PROVIDER="DSL provider" DSLSUPPORTED="yes" MODEMSUPPORTED="no" ISDNSUPPORTED="no" USERNAME="put your username here" PASSWORD="put your password here" IDLETIME="300" DEMAND="yes" DNS1="220.127.116.11" DNS2=""I have mine configured for dial on demand, which make a new connection whenever I want to use the internet for something. Unlike dial-up this is almost instantaneous.
Now, if you are running a network behind your dsl connected box, as I am, there is one more wrinkle that took me several days of research to uncover. The symtom is that some www sites cause our system to hang, for no apparent reason. This was maddening, since it basically worked well, except all of a sudden I couldn't check my credit card balance at www.mbna.com. Like I said, it took a while to get to the bottom of this, and the problem is described in great detail at: http://sdb.suse.de/en/sdb/html/cg_pmtu2.html, but the crux of it is that you need to reset all of the MTUs (Maximum Transfer Units) of all the ethernet cards in your network to (probably 1492) the size of the MTU on your PPP0 connection. HUH? you say. Here is the output /sbin/ifconfig on the linux box that acts as my router:
eth0 Link encap:Ethernet HWaddr 00:80:C8:8B:C2:6C inet6 addr: fe80::280:c8ff:fe8b:c26c/10 Scope:Link UP BROADCAST RUNNING MULTICAST MTU:1492 Metric:1 RX packets:528744 errors:0 dropped:0 overruns:0 frame:0 TX packets:523438 errors:0 dropped:0 overruns:0 carrier:0 collisions:43 txqueuelen:100 RX bytes:315335468 (300.7 Mb) TX bytes:60519670 (57.7 Mb) Interrupt:3 Base address:0x300 eth1 Link encap:Ethernet HWaddr 00:48:54:C0:FA:0E inet addr:192.168.0.9 Bcast:192.168.0.255 Mask:255.255.255.0 inet6 addr: fe80::248:54ff:fec0:fa0e/10 Scope:Link UP BROADCAST RUNNING MULTICAST MTU:1492 Metric:1 RX packets:432677 errors:0 dropped:88 overruns:0 frame:85 TX packets:442528 errors:0 dropped:0 overruns:0 carrier:0 collisions:0 txqueuelen:100 RX bytes:81874769 (78.0 Mb) TX bytes:314233462 (299.6 Mb) Interrupt:9 Base address:0x320 lo Link encap:Local Loopback inet addr:127.0.0.1 Mask:255.0.0.0 inet6 addr: ::1/128 Scope:Host UP LOOPBACK RUNNING MTU:16436 Metric:1 RX packets:81688 errors:0 dropped:0 overruns:0 frame:0 TX packets:81688 errors:0 dropped:0 overruns:0 carrier:0 collisions:0 txqueuelen:0 RX bytes:8268570 (7.8 Mb) TX bytes:8268570 (7.8 Mb) ppp0 Link encap:Point-to-Point Protocol inet addr:18.104.22.168 P-t-P:22.214.171.124 Mask:255.255.255.255 UP POINTOPOINT RUNNING NOARP MULTICAST MTU:1492 Metric:1 RX packets:426557 errors:0 dropped:0 overruns:0 frame:0 TX packets:421216 errors:0 dropped:234 overruns:0 carrier:0 collisions:0 txqueuelen:3Notice that on the third line of the ppp0 output is MTU:1492. Normally ethernet cards have an MTU of 1500, but PPPOE uses 8 bytes of that space for its own special header. Now eth0 is the card that is connected to the DSL modem, and eth1 is the card that is connected to the rest of my network. If you have a similar setup, chances are the MTU on both eth0 and eth0 are 1500, but you need to change them to whatever is the MTU for ppp0. You will also need to do this on every computer that is connected to eth1, ie, your local network. Again how you do this will depend on your distribution, but somewhere along the line it needs to be set. I got desperate and resorted to brute force:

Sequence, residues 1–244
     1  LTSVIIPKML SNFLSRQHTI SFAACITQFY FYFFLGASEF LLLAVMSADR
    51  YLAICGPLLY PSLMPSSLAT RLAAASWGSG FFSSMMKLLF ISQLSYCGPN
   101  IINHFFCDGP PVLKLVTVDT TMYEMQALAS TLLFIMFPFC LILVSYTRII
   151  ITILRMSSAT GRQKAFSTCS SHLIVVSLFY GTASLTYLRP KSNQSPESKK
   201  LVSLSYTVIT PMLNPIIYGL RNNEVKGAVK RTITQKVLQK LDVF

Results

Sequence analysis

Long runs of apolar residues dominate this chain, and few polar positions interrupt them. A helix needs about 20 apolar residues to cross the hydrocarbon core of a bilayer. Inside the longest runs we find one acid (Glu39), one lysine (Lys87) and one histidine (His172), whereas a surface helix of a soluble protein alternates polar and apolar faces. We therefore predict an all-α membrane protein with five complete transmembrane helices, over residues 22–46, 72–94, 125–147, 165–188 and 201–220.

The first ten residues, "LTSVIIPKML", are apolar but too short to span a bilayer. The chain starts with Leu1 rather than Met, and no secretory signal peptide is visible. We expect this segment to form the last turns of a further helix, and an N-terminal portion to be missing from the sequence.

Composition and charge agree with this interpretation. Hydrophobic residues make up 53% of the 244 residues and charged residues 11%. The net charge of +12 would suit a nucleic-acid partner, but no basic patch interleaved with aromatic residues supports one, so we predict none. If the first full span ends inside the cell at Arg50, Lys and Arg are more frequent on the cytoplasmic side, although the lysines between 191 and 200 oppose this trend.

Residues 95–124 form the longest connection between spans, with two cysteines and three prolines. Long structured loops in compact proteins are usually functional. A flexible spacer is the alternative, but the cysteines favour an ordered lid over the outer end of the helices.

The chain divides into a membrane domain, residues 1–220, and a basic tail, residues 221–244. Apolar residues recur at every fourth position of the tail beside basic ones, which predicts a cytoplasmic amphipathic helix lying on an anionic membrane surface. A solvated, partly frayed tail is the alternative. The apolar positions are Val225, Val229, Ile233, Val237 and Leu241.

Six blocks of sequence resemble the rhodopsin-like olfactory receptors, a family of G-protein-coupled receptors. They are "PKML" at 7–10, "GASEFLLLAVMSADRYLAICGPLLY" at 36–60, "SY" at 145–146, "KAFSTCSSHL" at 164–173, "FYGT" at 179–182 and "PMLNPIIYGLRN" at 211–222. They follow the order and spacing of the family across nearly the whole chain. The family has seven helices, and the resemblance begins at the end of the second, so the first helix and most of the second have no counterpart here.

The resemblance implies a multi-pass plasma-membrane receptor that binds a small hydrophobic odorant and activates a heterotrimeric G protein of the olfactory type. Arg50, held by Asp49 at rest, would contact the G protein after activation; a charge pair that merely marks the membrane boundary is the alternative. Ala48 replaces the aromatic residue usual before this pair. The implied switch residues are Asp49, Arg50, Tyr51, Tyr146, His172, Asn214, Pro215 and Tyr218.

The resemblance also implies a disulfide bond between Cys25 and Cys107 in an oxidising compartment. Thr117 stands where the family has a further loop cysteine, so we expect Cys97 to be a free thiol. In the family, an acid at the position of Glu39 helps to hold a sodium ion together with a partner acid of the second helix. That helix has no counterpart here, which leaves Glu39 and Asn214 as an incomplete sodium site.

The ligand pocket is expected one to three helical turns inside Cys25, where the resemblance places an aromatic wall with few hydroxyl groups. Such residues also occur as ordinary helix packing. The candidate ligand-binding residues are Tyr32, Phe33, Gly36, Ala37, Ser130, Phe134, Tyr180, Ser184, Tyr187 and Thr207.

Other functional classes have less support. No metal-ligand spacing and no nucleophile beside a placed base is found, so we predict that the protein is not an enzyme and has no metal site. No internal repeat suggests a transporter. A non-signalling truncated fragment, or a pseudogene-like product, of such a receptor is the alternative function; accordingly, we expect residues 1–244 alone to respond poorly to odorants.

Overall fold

ifconfig eth1 latitude mtu 1492 up ifconfig eth0 mtu 1492 upWhere latitude is the name of my router, and these commands run whenever the network is started. So there you have it. It is running like a charm, as evidenced by:
henry@latitude:~> uptime 9:36pm up 78 days, 12:02, 5 users, load average: 0.16, 0.05, 0.01 -----------^^^^^^^ - Microsoft users! Eat your hearts out!As my friends at SuSe would say: Have a lot of fun!
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